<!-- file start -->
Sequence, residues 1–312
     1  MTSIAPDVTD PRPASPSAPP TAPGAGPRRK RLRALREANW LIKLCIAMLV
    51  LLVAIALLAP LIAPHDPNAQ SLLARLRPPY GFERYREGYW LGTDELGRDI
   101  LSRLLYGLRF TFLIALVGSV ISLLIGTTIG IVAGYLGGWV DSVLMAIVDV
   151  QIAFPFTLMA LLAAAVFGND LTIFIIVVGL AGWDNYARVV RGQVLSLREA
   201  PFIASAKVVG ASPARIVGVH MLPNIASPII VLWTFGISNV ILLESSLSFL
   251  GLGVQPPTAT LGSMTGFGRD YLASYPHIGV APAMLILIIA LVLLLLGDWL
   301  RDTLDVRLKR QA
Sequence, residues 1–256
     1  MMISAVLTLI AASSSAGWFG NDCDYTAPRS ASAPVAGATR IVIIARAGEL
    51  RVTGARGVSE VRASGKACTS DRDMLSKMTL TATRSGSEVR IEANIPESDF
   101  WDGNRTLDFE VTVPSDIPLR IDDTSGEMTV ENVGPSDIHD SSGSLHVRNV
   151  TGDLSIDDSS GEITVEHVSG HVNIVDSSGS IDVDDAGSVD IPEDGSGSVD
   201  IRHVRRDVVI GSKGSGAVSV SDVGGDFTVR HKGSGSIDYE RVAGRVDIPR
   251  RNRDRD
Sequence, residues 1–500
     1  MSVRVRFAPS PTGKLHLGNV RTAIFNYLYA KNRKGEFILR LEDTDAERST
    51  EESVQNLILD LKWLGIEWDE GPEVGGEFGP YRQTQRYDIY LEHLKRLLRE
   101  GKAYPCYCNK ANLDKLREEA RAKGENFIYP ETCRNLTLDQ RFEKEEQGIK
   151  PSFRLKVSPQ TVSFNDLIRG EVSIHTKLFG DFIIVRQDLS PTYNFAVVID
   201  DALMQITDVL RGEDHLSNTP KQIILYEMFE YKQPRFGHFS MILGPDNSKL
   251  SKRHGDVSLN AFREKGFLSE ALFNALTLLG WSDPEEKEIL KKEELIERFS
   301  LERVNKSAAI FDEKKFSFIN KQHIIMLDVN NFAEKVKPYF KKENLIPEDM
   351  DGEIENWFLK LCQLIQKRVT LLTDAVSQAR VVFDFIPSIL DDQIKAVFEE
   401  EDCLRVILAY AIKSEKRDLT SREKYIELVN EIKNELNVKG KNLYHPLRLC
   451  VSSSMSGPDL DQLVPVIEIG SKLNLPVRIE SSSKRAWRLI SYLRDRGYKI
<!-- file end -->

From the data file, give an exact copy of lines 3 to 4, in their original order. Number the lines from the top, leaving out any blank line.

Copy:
    51  LLVAIALLAP LIAPHDPNAQ SLLARLRPPY GFERYREGYW LGTDELGRDI
   101  LSRLLYGLRF TFLIALVGSV ISLLIGTTIG IVAGYLGGWV DSVLMAIVDV